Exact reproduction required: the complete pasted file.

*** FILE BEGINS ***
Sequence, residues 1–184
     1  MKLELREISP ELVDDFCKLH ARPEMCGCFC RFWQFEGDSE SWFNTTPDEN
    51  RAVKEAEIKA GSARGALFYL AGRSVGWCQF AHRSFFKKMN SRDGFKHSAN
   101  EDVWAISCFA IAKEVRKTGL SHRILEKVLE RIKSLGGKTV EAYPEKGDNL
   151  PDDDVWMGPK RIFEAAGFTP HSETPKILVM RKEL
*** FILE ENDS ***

Sequence, residues 1–184
     1  MKLELREISP ELVDDFCKLH ARPEMCGCFC RFWQFEGDSE SWFNTTPDEN
    51  RAVKEAEIKA GSARGALFYL AGRSVGWCQF AHRSFFKKMN SRDGFKHSAN
   101  EDVWAISCFA IAKEVRKTGL SHRILEKVLE RIKSLGGKTV EAYPEKGDNL
   151  PDDDVWMGPK RIFEAAGFTP HSETPKILVM RKEL